What I find interesting is that WVU is a public university. I've been searching on the interwebz (to no avail) for more information on how many public institutions - presumably, universities and hospitals - have agreed to PILOTs. (Anyone have any info? I found this helpful article by Langley, Kenyon and Bailin from the Lincoln Institute of Land Policy, circa 2012, that has a number of appendices - a very quick review doesn't seem to show any public institutions.) Part of the rationale for a private nonprofit to enter into a PILOT agreement and voluntarily pay not-taxes is that the alternative could be much, much worse. If a government changes the applicable laws granting nonprofit property tax exemption, the nonprofit will have little control over what happens next, so the devil you know and negotiate is probably better than what is behind Door Number 2.
I would think that with a public university, that calculus would be much, much different. After all, a public university is branch of government, it seems as if it would be much more difficult to muck with the property tax exemption for the University itself - both legally and politically. According to the press release from WVU, its 50 year payment agreement applies only to "private commercial establishments operating on University property for activities that are not a critical part of or integral to serving the academic needs of students." Therefore, while there may be limits on the ability to change the University's tax exemption, query how much play actually exists with attacking the property tax exemption for the University's leased property? (see section 10 versus sections 14 or 17, for example).
Thursday, August 18, 2016
Yesterday's NonProfitTimes reported that the OneOrlando Fund has begun accepting claims from victims and families of victims of the June 12 Pulse nightclub shooting that left 49 dead and dozens more injured. According to fund administrator, Kenneth Feinberg, the entirety of the fund -- estimated at $23 million -- will be disbursed. According to the OneOrlando website, to be eligible, claims must be postmarked by September 12. Claim forms can be found on the site.
Vaughn E. James
Wednesday, August 17, 2016
In 2003, four men came together to form Wounded Warrior Project, a nonprofit 501(c) organization that offers a variety of programs, services and events for wounded veterans of the military actions following September 11, 2001. The organization's website boasts that this charity and veteran service organization "provides free programs and services focused on the physical, mental, and long-term financial well-being of this generation of injured veterans, their families and caregivers." The charity urges its supporters to donate to its causes, assuring them that their tax deductible donations enable the organization to "help thousands of injured warriors returning home from the current conflicts and to provide assistance to their families." The website goes on to state that "[a]s the number of wounded [veterans] steadily increases, it is easy to see how the needs of these brave individuals also increase."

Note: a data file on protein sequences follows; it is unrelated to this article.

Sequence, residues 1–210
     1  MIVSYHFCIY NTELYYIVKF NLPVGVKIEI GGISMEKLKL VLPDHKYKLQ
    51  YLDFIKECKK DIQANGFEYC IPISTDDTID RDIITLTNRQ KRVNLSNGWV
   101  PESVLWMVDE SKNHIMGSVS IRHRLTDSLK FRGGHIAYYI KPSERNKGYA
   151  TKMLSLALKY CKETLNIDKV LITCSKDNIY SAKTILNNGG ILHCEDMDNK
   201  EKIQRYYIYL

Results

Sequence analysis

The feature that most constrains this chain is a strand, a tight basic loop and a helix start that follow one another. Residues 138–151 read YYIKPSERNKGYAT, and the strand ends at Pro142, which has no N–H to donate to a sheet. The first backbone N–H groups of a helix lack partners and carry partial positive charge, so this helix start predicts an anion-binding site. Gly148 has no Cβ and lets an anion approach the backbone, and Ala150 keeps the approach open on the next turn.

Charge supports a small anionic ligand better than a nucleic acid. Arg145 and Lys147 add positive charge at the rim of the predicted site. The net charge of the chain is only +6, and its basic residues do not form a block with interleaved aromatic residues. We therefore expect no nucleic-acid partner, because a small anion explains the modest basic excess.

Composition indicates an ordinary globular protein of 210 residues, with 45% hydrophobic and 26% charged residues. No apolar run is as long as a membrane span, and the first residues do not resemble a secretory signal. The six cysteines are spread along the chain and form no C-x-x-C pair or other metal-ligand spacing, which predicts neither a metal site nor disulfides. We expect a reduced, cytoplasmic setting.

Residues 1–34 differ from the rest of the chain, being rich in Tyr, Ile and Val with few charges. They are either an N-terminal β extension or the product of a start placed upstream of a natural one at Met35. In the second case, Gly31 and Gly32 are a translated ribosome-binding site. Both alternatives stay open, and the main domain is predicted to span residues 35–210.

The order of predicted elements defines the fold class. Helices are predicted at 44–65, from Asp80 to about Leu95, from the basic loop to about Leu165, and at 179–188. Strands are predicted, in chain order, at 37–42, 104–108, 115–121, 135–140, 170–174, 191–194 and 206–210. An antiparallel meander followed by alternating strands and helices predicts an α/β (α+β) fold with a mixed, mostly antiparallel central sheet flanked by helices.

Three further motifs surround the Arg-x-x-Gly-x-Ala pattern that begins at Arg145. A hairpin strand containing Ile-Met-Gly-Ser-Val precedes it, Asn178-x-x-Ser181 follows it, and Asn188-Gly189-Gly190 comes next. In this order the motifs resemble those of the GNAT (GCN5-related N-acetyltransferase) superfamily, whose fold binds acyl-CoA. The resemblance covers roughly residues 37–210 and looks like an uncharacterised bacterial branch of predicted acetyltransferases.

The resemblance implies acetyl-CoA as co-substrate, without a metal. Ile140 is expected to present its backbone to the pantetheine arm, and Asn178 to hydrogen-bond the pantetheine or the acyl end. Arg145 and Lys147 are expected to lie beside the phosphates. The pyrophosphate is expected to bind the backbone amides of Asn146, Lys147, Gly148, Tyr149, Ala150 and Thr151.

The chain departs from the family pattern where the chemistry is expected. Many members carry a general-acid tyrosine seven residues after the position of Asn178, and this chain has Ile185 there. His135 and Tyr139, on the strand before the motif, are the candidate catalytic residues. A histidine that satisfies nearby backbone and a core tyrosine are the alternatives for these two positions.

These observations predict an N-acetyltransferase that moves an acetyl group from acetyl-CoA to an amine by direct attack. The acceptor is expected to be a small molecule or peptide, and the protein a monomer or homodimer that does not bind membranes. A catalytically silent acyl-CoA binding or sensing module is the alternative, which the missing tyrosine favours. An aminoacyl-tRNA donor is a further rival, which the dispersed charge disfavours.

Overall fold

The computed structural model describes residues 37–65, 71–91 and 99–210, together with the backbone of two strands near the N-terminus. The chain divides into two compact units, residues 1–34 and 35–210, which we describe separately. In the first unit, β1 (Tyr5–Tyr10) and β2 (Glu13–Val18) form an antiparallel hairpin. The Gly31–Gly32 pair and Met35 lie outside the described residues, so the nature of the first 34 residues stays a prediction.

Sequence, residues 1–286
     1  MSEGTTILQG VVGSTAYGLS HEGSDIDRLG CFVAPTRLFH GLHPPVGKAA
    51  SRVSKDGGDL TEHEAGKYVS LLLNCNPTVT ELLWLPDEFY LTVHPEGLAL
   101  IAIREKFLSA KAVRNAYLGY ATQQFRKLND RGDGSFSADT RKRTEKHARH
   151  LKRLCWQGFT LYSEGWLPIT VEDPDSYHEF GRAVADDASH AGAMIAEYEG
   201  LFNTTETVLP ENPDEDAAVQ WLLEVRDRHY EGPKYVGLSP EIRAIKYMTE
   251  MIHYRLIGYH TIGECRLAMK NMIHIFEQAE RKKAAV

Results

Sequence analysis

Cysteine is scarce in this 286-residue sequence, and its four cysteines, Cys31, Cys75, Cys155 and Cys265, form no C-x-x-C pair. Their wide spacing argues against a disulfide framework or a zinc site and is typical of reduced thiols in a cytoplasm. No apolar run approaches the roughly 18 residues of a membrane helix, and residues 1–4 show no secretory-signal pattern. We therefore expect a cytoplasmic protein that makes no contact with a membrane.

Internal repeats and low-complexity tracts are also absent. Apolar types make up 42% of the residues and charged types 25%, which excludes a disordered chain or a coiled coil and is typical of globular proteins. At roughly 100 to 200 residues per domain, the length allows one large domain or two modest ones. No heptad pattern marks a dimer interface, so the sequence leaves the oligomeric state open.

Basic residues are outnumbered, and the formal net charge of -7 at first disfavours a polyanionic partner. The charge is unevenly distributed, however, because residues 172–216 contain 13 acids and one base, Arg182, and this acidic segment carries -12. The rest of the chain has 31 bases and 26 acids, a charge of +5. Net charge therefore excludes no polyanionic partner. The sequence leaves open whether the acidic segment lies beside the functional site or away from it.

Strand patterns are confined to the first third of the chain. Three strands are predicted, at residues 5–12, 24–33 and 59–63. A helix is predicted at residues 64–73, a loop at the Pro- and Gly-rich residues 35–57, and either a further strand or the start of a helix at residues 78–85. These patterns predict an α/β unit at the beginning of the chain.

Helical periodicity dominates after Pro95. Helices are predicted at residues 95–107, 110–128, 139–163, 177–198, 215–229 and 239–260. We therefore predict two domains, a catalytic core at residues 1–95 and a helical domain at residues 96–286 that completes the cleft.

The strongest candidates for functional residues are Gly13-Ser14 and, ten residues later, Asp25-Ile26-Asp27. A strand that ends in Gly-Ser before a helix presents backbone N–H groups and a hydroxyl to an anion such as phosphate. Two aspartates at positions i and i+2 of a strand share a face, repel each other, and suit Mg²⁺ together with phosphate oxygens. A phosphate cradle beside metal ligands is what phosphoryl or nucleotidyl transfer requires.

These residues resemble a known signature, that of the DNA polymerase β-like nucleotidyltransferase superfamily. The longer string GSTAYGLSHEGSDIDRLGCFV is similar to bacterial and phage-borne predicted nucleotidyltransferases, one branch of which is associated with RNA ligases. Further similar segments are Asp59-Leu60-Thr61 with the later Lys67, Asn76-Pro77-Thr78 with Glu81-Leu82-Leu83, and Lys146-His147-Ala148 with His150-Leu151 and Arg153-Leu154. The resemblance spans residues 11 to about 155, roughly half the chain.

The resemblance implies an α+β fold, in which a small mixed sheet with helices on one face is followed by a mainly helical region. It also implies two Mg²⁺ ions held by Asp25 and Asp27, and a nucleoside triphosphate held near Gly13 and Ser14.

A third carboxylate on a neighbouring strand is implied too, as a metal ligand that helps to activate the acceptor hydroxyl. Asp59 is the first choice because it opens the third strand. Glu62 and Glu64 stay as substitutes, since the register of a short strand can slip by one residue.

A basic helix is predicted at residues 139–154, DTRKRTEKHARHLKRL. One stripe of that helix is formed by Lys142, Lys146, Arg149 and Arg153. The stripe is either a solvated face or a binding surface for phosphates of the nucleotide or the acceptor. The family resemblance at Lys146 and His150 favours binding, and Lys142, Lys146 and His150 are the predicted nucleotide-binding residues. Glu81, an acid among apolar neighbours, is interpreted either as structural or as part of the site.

In March, CBS News reported that while Americans were donating hundreds of millions of dollars each year to the charity, Wounded Warrior Project was spending 40 to 50 percent of these donations on overhead, including extravagant parties. By comparison, CBS News reported, other veterans charities have overhead costs of only 10 to 15 percent.
Shortly afterwards, the organization's Board of Directors fired Chief Executive Officer, Steven Nardizzi, and Chief Operating Officer, Al Giordano.
Yesterday's NonProfitTimes reported on the next step for the organization: a restructuring plan, According to the Times, details of the restructuring plan are expected to be announced next month. But some details can already be gleaned from the organization's recently-released IRS Form 990 and consolidated financial statements for the fiscal year ended September 30, 2015. In notes to the consolidated financial statements, the organization states:
Negative media stories in January 2016 regarding the Organization prompted inquiries and requests for documents from Senator Grassley on behalf of the Committee on the Judiciary and from other parties. The Organization responded to these inquiries and requests, and management does not believe they will have a material adverse effect on the organization’s financial position, results of operations or cash flows.
The Organization is in the process of evaluating programs and services to ensure that they are delivered with even greater efficiency, as well as assessing its organizational structure to ensure that it maximizes all resources available. Management anticipates that certain roles will be eliminated as a result of this assessment and details of the restructuring will be announced in September 2016. Management does not believe the restructuring will have a material adverse impact on the accompanying consolidated financial statements.
The Times also reports that in recent weeks, new CEO Michael Linnington, has made reference during interviews to anticipated pay and staff cuts.
September will soon be here; we shall discover then just what Wounded Warriors Project will do to recover its image, stature and standing.
Vaughn E. James
Tuesday, August 16, 2016